Email This Page to a FriendRace To Alaska 2016 – Meet Team Hot Mess Racing
June 24, 2016
Team Hot Mess: Four guys in their twenties get their hands on a 37 year old Olson 30 and after a spring of racing in the Pacific Northwest are ready for the 750 mile Race to Alaska.
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– [Man] So we’re based out of Vancouver, B.C. We have owned this boat since Christmas.
– Hi, we’re team Hot Mess Racing. I’m Nick Schwenger.
– Spencer Weber.
– I’m Neil Roberts.
– I’m Will Schwenger.
– The three of us are kind of small boat sailors. These guys grew up sailing cats. And I’m a dinghy sailor. And then Spencer is kind of the ringer of the group. Learned how to sail 11 months ago.
– So I guess the opposite of a ringer. Normally you don’t ring someone who doesn’t know what they’re doing.
– Ringers are good people.
– [Neil] I thought a ringer was like the new guy.
– [Spencer] No, a ringer is like someone you call who is like really good.
– Oh. [Neil] Okay, Spencer is the opposite of a ringer. He’s like, the new guy. The rookie I guess is the better word.
– [Will] His one-year anniversary is pretty soon.
– I think its in Victoria.
– Learned how to sail a year ago and now he’s racing to Alaska, that’s kind of sweet. But we know what we’re doing.
– You win some races sometimes.
– Cause dinghy sailing, you do so many races that everyone wins a few.
-Yeah I’ve been doing mostly college sailing for the last couple years.
– Yeah. Nick and I were college sailors, too.
– We grew up sailing on Catamarans in Burlington, Ontario. And they had a rule there that you were allowed to paddle during the races. It was anyway you wanted and when Will and I showed up we were quite young compared to the average competitor. And we used to paddle the boat, the Hobie 18, a lot faster than they did and so we thought we were a good match for this race. Not afraid to paddle when we have to.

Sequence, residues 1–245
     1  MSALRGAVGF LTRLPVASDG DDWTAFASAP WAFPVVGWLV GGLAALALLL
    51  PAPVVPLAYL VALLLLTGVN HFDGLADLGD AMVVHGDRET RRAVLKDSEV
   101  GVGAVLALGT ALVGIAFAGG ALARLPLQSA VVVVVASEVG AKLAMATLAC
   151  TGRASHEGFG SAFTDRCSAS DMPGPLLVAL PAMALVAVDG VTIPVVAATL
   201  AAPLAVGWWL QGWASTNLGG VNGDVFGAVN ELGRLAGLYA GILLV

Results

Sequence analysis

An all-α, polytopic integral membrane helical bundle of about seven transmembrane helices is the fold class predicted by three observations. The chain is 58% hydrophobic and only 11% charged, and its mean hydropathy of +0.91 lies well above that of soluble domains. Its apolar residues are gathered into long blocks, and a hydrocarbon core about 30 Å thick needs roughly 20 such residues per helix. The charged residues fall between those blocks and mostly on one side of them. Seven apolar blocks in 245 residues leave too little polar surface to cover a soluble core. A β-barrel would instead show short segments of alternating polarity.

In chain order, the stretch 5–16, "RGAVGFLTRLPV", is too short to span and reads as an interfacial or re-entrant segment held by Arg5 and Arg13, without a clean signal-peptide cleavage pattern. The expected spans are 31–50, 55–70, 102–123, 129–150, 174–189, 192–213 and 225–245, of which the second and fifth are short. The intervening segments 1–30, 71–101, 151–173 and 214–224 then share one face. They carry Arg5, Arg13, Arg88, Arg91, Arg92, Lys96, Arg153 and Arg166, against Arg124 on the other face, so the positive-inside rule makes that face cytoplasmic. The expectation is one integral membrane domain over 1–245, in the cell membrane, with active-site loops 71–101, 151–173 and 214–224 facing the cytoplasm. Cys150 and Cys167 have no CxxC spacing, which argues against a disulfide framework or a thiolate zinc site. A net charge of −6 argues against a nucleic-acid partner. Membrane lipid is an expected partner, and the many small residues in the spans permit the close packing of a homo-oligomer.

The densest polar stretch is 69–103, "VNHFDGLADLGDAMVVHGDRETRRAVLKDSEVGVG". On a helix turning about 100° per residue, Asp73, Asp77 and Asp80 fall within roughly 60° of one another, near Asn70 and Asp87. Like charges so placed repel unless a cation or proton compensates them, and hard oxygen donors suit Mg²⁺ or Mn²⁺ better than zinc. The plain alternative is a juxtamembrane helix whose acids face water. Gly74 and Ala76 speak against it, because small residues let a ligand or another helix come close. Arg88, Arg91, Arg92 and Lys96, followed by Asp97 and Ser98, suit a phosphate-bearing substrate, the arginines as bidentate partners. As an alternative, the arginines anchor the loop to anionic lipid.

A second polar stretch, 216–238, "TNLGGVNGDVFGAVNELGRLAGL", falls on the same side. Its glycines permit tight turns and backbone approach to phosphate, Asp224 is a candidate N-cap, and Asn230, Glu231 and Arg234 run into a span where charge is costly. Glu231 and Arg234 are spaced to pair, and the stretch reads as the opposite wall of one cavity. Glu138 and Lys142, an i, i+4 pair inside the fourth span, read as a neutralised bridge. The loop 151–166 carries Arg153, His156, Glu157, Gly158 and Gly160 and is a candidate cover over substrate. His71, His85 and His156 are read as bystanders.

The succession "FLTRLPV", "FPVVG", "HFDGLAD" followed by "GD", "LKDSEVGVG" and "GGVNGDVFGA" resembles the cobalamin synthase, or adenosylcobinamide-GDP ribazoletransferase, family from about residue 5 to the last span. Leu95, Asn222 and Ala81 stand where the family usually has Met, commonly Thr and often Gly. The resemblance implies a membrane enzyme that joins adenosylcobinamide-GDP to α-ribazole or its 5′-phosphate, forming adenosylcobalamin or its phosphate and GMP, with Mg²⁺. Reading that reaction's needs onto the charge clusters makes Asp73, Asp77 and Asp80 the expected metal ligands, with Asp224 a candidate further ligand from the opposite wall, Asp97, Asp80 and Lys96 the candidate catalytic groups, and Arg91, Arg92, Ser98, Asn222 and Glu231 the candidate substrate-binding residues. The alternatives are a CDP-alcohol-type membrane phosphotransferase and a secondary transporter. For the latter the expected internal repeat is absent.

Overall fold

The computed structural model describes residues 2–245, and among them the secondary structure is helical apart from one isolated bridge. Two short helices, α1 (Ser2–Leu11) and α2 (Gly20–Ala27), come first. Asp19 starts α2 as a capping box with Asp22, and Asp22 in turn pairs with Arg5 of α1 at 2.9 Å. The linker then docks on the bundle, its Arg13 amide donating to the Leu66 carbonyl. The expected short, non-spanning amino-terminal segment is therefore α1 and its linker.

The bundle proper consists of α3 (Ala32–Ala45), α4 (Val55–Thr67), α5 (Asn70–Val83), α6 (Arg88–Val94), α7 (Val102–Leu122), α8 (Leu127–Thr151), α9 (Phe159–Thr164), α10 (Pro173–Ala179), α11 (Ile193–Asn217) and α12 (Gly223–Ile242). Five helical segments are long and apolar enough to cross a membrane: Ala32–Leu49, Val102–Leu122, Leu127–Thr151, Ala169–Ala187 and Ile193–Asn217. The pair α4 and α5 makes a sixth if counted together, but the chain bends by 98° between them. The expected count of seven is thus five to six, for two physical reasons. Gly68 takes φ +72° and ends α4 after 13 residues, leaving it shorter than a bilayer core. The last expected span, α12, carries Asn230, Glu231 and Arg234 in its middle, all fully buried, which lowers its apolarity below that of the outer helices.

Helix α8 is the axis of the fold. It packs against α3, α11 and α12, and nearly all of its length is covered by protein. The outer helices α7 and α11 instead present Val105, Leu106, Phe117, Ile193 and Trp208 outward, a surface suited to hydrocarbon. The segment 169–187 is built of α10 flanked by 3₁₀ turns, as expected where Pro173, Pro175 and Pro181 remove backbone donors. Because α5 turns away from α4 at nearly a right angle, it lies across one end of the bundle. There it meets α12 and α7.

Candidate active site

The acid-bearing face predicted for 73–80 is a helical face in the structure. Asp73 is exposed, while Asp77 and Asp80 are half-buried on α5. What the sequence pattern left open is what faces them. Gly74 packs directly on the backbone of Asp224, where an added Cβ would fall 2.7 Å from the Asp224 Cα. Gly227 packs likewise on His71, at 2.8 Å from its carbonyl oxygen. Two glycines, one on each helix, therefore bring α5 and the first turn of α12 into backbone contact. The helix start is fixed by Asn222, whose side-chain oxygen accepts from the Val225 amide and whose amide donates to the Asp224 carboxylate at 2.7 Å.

– I followed the race a lot last year, saw that it was awesome. And I was kind of talking about it with Nick, and I was talking about it with Spence. And I kind of like was thinking about putting together a team and then Neil started talking about it with me. So we all kind of found each other and we decided to pool our resources and become team Hot Mess.
– So this is an Olson 30. This is hull number 38. So its from 1979. And we purchased it in Lake Washington in Seattle. Our first race was in March and we brought the boat back from Seattle in February and we had three weeks to get it ready for the first race.
– All of March it’s been, it was, from five until midnight every night after work and on the weekends. For the last few months it’s just kind of been tinkering around and fine tuning, which has been nice.
– We’re sailing hard but we’re not taking ourselves too seriously.
– A hot mess.
– It’s usually a drunken frat girl.
– Loud and visible.
– And you know that something’s not right there.
– You can probably say it doesn’t have to be a girl.
– It can be a guy. Yeah.
– Anyone who’s loud.
– And the hot part, usually they, like, kind of look good doing it or they can pull it off, you know.
– Back here we have our solar panel. It’s 100 watts and this is charging like a radio or nav lights.